Due to advances in treatment and people's living longer, chronic diseases are becoming more common among our population. This is a leading contributor to the increasing burden on our current healthcare system. To reduce this burden and sufficiently meet the needs of this growing segment of the population, healthcare organizations must encourage the elderly to take a more active role in caring for their own health and well-being. Technology may offer a solution to this shortcoming. “Positive Technology” focuses on the use of technology for improving the quality of our personal experience, and it suggests specific strategies for modifying/improving each of the different dimensions involved - Emotional Quality (affect regulation); Engagement/Actualization (presence and flow); Connectdness (collective intentions and networked flow) - and for generating motivation and engagement in the process. “Transformative Technology” are technologically-mediated experiences that support positive, enduring transformation of the self-world. The transformative content is delivered through a set of experiential affordances, which are stimuli designed to elicit emotional and cognitive involvement in the designed experience: (i) emotional affordances; (ii) epistemic affordances. The paper discusses discuss the possible role of positive and transormative technologies for healthy living and active ageing by presenting different practical applications of this approach recently developed by our team.

Riva, G., Villani, D., Cipresso, P., Repetto, C., Triberti, S., Di Lernia, D., Chirico, A., Serino, S., Gaggioli, A., Positive and Transformative Technologies for Active Ageing, in Westwood, J., Westwood, S., Felländer-tsai, L., Fidopiastis, C., Liu, A., Senger, S., Vosburgh, K. (ed.), Medicine Meets Virtual Reality 22, IOS Press, AMSTERDAM -- NLD 2016: 308- 315. 10.3233/978-1-61499-625-5-308 [http://hdl.handle.net/10807/75747]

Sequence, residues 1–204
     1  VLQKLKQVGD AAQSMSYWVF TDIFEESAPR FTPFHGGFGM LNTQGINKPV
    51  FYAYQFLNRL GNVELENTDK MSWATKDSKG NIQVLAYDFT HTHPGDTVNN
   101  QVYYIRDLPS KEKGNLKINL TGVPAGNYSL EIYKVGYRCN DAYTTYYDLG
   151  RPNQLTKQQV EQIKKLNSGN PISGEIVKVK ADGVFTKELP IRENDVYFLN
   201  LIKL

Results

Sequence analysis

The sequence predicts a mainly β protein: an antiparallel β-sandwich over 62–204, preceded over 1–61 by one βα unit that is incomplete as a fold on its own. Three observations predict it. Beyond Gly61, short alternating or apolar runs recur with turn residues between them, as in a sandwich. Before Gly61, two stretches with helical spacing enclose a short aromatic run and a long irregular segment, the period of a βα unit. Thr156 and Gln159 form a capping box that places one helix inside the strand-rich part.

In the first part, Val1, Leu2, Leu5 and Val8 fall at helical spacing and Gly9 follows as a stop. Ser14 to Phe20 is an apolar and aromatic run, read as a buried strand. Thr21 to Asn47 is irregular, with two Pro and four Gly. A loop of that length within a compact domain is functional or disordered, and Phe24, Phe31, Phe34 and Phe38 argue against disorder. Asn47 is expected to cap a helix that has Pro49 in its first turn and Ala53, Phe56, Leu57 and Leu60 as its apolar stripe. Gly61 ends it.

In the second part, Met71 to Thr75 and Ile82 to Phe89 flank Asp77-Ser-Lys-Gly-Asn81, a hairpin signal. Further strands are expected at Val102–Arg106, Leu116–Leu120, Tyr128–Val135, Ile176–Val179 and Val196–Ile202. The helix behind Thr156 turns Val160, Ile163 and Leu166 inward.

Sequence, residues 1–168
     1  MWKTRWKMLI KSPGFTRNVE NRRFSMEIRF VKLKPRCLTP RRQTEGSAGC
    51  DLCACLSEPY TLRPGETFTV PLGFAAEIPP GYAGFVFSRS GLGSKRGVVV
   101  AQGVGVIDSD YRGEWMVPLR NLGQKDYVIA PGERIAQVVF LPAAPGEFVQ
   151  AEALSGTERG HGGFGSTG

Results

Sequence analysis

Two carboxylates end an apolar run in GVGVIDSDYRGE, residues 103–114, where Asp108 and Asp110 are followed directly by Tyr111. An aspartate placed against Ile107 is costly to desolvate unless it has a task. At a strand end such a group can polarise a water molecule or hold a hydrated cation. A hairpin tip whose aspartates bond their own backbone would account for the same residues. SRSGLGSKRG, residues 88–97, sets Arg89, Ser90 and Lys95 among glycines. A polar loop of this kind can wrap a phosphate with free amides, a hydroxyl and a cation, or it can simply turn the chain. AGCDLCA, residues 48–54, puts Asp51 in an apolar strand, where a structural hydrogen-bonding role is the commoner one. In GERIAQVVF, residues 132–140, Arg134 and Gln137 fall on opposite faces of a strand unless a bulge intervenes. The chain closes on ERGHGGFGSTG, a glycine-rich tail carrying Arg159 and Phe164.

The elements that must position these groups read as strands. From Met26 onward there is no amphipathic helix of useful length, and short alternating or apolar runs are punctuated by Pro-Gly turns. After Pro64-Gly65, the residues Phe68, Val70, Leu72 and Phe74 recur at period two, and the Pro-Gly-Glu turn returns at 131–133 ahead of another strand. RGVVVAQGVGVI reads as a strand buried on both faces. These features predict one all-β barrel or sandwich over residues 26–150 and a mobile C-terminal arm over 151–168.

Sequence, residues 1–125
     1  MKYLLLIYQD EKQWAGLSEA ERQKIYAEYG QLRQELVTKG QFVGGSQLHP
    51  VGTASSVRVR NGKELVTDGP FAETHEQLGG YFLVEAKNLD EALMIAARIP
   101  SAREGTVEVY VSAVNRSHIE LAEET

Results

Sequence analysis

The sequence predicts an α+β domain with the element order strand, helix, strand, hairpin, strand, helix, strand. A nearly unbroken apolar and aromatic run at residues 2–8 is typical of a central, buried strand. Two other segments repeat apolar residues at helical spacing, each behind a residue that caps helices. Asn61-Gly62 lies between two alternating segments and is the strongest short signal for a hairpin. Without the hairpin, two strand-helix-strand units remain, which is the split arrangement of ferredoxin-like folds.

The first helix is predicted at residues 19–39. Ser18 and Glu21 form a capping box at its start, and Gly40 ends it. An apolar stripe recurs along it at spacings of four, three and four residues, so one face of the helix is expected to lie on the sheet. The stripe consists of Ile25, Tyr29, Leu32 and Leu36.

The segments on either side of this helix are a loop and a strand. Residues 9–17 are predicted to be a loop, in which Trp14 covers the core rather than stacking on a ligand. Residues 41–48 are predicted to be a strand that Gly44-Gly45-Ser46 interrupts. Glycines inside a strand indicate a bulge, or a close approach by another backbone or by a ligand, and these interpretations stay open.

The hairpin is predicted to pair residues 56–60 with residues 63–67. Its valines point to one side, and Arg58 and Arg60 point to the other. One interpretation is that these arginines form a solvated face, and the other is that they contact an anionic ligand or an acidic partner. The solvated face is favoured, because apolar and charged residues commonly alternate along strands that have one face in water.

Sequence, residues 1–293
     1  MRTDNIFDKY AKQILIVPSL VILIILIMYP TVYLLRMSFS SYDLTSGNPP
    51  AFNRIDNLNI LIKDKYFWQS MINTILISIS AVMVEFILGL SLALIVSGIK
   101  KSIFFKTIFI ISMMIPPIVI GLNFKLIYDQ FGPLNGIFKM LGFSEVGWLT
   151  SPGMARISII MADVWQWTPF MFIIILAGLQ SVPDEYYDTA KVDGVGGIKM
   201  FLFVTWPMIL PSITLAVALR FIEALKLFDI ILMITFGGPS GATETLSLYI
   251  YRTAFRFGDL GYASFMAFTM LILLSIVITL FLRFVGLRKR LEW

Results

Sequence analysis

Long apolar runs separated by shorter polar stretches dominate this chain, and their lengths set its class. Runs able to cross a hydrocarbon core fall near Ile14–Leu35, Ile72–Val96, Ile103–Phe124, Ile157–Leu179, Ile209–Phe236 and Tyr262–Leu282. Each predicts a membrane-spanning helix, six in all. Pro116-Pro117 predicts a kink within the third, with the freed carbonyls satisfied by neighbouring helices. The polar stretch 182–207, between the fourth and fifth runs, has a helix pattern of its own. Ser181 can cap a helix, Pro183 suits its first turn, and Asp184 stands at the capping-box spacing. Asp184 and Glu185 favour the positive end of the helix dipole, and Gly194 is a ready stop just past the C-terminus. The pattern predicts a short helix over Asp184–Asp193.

Positive and Transformative Technologies for Active Ageing

Riva
Primo
;
Giuseppe; Villani
Secondo
;
Daniela; Cipresso;Pietro; Repetto;Claudia; Triberti;Stefano; Di Lernia;Daniele; Chirico;Alice; Serino
Penultimo
;
Silvia; Gaggioli
Ultimo
2016

Abstract

Due to advances in treatment and people's living longer, chronic diseases are becoming more common among our population. This is a leading contributor to the increasing burden on our current healthcare system. To reduce this burden and sufficiently meet the needs of this growing segment of the population, healthcare organizations must encourage the elderly to take a more active role in caring for their own health and well-being. Technology may offer a solution to this shortcoming. “Positive Technology” focuses on the use of technology for improving the quality of our personal experience, and it suggests specific strategies for modifying/improving each of the different dimensions involved - Emotional Quality (affect regulation); Engagement/Actualization (presence and flow); Connectdness (collective intentions and networked flow) - and for generating motivation and engagement in the process. “Transformative Technology” are technologically-mediated experiences that support positive, enduring transformation of the self-world. The transformative content is delivered through a set of experiential affordances, which are stimuli designed to elicit emotional and cognitive involvement in the designed experience: (i) emotional affordances; (ii) epistemic affordances. The paper discusses discuss the possible role of positive and transormative technologies for healthy living and active ageing by presenting different practical applications of this approach recently developed by our team.
Inglese
Medicine Meets Virtual Reality 22
978-1-61499-625-5
IOS Press
Riva, G., Villani, D., Cipresso, P., Repetto, C., Triberti, S., Di Lernia, D., Chirico, A., Serino, S., Gaggioli, A., Positive and Transformative Technologies for Active Ageing, in Westwood, J., Westwood, S., Felländer-tsai, L., Fidopiastis, C., Liu, A., Senger, S., Vosburgh, K. (ed.), Medicine Meets Virtual Reality 22, IOS Press, AMSTERDAM -- NLD 2016: 308- 315. 10.3233/978-1-61499-625-5-308 [http://hdl.handle.net/10807/75747]
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Utilizza questo identificativo per citare o creare un link a questo documento: https://hdl.handle.net/10807/75747
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